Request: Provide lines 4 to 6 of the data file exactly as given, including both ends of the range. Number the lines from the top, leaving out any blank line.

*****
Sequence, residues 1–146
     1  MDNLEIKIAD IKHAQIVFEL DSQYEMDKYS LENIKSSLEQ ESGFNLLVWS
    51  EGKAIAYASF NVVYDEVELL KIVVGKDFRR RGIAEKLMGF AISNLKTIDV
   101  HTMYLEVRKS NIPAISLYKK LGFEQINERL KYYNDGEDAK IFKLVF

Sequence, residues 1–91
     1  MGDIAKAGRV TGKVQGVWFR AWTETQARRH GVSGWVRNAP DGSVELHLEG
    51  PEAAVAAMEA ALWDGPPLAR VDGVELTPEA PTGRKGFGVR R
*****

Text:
   101  HTMYLEVRKS NIPAISLYKK LGFEQINERL KYYNDGEDAK IFKLVF

Sequence, residues 1–91
     1  MGDIAKAGRV TGKVQGVWFR AWTETQARRH GVSGWVRNAP DGSVELHLEG